Tuesday, October 02, 2007
Review of The Goldfish Dancer in the Women's Post
A good review of Patricia Robertson's The Goldfish Dancer in the Women's Post. His only small quibble was the inclusion of the novella 'Girl With Cello', oddly enough, my favourite piece in the collection. My only quibble was he refers to Patricia as being Saskatchewan-based. This is not the first time this season Patricia has been confused with that other Robertson. One of them will have to change their name. (There's precedent for this: at the turn of the last century, there was a very popular novelist in Britian by the name of Winston Churchill, and a young up and coming politician by the same name. They decided that there was too much confusion, and that one of them would have to begin to use their middle name to simplify matters. If I remember correctly, they flipped a coin. We could do a similar thing here."
In any case, the review...
Wearing fine gold scales
The Goldfish Dancer
By Patricia Robertson
192 pages, $24.95
Some mornings, you wake up and remember a place you love, and wonder all at once why you haven’t been back recently. With short story collections back on the Canadian radar, collections like The Goldfish Dancer make you realize they never should have left.
These seven pieces have a clear ability to transport the reader from Harlem to Lancashire to Spain. I read Grave of the Heroes in a dilapidated lodge on Newfoundland’s Northern Peninsula, the room clean despite the hint of cold mildew, and I was instantly transported to the familiar smells of Spain in April. I lived in Barcelona for a year, traveling regularly to the small towns that surround the city. Saskatchewan writer Patricia Robertson captures the sense of those towns dexterously: “On a crumbling stone bridge into the village a herd of cows bunched, flicking ears at the car. The driver, shouting, leaned out his window, palm flat on the horn. Claudia got out and walked.” Robertson conveys the eerie, almost-threatening feel of fiestas that include masked characters, the solemn black garb of the older village women.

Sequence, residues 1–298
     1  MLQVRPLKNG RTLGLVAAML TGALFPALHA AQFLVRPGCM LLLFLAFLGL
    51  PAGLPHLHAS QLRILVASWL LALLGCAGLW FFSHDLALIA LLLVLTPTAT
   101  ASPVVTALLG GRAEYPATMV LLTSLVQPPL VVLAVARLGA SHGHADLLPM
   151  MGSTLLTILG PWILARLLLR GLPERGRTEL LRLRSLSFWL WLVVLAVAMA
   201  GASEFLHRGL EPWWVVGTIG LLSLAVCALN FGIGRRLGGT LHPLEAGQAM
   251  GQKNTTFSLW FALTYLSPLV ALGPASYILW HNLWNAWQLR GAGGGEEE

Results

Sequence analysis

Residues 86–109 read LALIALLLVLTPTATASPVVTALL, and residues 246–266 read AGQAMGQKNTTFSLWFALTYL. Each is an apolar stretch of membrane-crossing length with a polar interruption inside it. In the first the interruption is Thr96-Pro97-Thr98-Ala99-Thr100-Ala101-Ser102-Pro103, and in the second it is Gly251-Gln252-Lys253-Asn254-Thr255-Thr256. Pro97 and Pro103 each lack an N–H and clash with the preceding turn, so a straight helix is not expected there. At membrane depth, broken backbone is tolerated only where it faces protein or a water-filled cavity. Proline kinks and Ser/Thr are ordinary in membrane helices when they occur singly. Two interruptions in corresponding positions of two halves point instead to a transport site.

Badlands takes you to Western Canada in 1949; After Annabel to a fading London, England, and then back to Vancouver. These are sudden, magic trips, almost note-perfect, the kind of stories that are long enough to give a sense of the people inside, while leaving you almost wistful, wanting to know even more about where they will go once the stories end.
This is not a traditional collection of linked short stories. The characters are too geographically broad, too spread apart in time, place, and nature. But there is one crucial connection: Characters in these stories live. They feel and fear, and they make you do the same. They also move, from place to place to place. No one stands still here – these are real people in motion.
If I have one quibble with the book, it’s the inclusion of the historical novella Girl with a Cello. Its main character is a housemaid working in a variety of households and, simultaneously, working through her search for belonging. It is equally able to transport the reader, but it jars with the others in the collection.
Strangely, the first story, The Goldfish Dancer, occurs in the same timeframe (prior to the First World War) but doesn’t give the same feeling of being separate from the other stories. Perhaps, that’s because the main character’s growth in The Goldfish Dancer depends less on place and historical information, and more on the distinct voice of the character herself.
If this collection had been broken apart and expanded into two books, there’d be plenty of reasons to buy both. It is small, bright-eyed, and luminous – a wonderful goldfish all its own.
Russell Wangersky is an author and columnist from St. John’s, Newfoundland. His memoir on a career as a volunteer firefighter, Burning Down the House, will be released in the spring of 2008.